Wandering the Halls

by Kieran Healy on August 1, 2003

The Australian National University’s Research School of Social Sciences, where I am presently ensconced, is a great place. It has amiable institutions such as Morning and Afternoon Tea, for instance, which make it possible to pass the entire day moving from one sort of break to another. It also has lots of interesting people in it. Unfortunately, it can be difficult to find any of them because they are all located in the Coombs Building. On the other hand, you may bump into them while you are looking for your office again.

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Cohen and Rawlsian Constructivism

by Jon Mandle on August 1, 2003

Like Chris, I spent the morning puzzling over Cohen’s recent article in Philosophy and Public Affairs. Although I don’t necessarily disagree with his conclusion, I don’t think the argument is strong. But I don’t want to discuss the substance of his argument – for helpful discussions, see Chris here and here, Brian here, Larry Solum here, and Matt Yglesias here. Instead, I want to argue that his stalking horse throughout the essay, John Rawls, simply does not hold the view that he criticizes. Cohen is wrong when he says that (among the several examples he mentions) “Rawls alone clearly affirms what I deny.”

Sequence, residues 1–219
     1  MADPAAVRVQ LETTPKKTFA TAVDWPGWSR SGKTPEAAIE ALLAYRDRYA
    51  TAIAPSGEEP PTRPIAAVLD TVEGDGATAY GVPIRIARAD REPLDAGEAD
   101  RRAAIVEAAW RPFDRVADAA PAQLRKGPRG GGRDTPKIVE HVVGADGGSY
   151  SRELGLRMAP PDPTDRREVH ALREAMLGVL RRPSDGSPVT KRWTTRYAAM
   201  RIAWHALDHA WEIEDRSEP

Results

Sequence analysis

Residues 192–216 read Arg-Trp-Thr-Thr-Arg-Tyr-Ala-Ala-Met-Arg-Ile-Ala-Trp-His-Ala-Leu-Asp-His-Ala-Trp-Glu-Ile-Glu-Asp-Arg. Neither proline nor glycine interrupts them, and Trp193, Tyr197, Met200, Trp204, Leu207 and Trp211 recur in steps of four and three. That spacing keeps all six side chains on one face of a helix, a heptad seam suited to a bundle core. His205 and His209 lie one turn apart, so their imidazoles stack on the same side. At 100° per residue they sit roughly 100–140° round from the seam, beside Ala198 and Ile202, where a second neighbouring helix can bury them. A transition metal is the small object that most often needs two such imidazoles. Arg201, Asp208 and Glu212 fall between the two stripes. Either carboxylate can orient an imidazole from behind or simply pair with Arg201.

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Last Thoughts on Naturalism

by Brian on August 1, 2003

The discussion threads on naturalism have been lots of fun, but I’m going to have to leave them behind to head off to my favourite little philosophical conference. Unless the thread lasts another week (an eternity in blogtime!) it will be done before I return. So I thought I’d close with a point of agreement.